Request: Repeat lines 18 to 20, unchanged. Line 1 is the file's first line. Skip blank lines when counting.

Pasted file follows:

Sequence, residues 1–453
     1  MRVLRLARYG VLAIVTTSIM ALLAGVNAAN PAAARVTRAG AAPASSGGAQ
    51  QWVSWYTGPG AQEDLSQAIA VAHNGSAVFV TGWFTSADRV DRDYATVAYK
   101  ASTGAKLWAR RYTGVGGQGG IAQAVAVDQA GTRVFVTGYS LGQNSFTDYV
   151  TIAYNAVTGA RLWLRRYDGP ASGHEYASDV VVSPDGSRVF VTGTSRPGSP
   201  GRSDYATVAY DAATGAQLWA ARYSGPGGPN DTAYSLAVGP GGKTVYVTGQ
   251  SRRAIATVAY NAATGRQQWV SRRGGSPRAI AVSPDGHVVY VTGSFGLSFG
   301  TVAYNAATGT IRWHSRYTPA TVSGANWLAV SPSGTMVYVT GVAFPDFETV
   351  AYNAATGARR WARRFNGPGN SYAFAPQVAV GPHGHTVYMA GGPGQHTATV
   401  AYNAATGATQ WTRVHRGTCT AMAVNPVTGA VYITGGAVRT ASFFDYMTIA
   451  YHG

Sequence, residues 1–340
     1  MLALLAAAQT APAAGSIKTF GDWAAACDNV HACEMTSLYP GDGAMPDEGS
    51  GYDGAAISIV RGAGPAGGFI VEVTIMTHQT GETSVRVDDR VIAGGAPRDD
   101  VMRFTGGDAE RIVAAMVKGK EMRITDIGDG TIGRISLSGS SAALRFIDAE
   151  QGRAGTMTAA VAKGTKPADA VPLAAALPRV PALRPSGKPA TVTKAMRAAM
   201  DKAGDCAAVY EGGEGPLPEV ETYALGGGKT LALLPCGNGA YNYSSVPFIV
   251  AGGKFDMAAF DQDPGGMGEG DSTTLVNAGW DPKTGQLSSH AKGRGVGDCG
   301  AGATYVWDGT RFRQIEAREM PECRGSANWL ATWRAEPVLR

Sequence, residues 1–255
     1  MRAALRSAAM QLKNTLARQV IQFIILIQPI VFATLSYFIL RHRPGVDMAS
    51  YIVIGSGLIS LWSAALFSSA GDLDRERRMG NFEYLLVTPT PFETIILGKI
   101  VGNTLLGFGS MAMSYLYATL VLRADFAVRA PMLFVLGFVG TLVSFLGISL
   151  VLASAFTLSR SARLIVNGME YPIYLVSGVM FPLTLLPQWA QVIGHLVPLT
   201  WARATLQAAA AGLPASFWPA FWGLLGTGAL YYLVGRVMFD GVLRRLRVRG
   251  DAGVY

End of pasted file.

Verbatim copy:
   251  AGGKFDMAAF DQDPGGMGEG DSTTLVNAGW DPKTGQLSSH AKGRGVGDCG
   301  AGATYVWDGT RFRQIEAREM PECRGSANWL ATWRAEPVLR

Sequence, residues 1–255